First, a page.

A gay couple are suing the US State Department after only one of their twin sons received US citizenship.
Elad and Andrew Dvash-Banks were shocked to learn that one of their twins, Ethan, had been denied the same rights as his brother, Aiden, because his biological father was an Israeli citizen.
The twins were born in Canada in 2016 via a US surrogate using donor eggs and sperm from both fathers. Aiden is the biological son of Andrew, a US citizen, while Ethan has the DNA of Elad, who is an Israeli citizen.
After the couple submitted the DNA results which proved who was the biological father of each boy, they received Aiden's passport and a letter notifying them that Ethan's application had been refused because his father was not an American citizen.
The couple, who married in 2010, have filed a federal lawsuit against the State Department seeking the same rights for Ethan as his brother. The plaintiffs argue that, although the twins were born in Canada, both siblings should be eligible for US citizenship as the surrogate mother was an American citizen.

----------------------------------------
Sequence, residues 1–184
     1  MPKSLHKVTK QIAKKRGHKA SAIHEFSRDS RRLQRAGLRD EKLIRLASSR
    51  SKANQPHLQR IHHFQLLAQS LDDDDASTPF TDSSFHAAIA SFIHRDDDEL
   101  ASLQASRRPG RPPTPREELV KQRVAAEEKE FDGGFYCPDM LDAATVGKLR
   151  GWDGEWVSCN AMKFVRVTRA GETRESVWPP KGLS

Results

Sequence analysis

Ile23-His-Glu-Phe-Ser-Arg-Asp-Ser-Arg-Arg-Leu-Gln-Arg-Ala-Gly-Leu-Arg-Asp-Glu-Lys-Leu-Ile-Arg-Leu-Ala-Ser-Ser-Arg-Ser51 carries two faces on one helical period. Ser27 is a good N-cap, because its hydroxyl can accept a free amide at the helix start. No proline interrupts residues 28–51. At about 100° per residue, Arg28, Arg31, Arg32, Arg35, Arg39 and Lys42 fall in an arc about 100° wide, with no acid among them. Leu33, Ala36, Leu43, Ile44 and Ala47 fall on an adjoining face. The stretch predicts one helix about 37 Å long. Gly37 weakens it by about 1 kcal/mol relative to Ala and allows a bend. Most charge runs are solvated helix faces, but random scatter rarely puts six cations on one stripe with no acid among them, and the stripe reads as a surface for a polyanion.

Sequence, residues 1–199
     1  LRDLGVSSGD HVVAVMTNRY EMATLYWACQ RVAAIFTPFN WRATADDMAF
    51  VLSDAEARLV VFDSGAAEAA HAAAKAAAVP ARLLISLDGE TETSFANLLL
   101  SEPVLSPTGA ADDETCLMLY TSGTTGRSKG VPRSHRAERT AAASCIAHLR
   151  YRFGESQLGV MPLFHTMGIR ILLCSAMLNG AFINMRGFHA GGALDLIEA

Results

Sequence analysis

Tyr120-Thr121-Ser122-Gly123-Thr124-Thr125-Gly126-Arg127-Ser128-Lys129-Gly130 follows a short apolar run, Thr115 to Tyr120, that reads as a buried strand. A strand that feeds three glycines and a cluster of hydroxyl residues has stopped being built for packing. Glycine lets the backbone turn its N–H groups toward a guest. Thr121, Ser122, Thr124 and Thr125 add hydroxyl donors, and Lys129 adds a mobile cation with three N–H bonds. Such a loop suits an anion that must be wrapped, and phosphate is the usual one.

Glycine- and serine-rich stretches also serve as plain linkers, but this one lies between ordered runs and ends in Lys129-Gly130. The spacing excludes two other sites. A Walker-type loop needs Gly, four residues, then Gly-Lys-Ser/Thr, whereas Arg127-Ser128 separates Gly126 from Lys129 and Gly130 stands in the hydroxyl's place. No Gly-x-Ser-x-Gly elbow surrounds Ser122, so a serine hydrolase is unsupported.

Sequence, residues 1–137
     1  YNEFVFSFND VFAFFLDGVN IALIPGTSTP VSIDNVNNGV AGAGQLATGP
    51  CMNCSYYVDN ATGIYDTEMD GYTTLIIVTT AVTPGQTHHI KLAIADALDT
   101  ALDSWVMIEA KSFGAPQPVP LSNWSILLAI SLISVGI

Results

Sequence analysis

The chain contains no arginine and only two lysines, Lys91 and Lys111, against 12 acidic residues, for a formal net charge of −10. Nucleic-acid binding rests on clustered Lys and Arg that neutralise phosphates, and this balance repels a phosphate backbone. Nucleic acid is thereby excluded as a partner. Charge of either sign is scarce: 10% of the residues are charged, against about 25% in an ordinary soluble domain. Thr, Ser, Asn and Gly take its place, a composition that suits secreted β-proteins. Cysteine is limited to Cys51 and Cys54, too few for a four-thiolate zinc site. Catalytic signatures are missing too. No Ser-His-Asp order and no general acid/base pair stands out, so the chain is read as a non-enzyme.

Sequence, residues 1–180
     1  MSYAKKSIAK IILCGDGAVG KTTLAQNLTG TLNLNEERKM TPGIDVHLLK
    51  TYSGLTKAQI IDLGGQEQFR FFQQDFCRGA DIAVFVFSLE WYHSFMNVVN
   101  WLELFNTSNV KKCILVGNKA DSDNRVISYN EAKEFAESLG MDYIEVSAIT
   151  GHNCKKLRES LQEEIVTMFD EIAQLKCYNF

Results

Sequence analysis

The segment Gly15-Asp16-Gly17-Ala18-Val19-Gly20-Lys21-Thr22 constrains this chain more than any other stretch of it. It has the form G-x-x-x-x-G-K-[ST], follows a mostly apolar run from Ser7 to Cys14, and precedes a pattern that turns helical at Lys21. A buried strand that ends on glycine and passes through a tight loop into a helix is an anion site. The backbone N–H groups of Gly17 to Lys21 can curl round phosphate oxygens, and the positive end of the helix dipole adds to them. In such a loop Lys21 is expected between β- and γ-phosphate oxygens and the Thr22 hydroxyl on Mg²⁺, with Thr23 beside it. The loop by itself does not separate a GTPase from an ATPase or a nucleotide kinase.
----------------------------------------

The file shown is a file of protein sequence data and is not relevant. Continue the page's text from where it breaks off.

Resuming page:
"What we're trying to do is pursue justice for Ethan and correct a wrong that the State Department is continuing to pursue that might affect other couples," Elad told the Associated Press.
"The message is that you're not fully equal. Your family is less than other families," Andrew said. "My son has been wronged here by the government."
LGBTQ immigrants rights group, Immigration Equality, which filed the case, said that children of US citizens were entitled to citizenship, even if one of the parents was foreign.
The organisation's executive director Aaron Morris said: "If a mother and father walk into a consulate and have a marriage certificate and birth certificate, they're never asked any questions about the biology of the child. But the converse is also true and every same-sex couple will be asked that."
The State Department refused to comment on the ongoing case but pointed out guidelines on its website which states that a biological connection to a US citizen is necessary for an offspring to be granted citizenship at birth.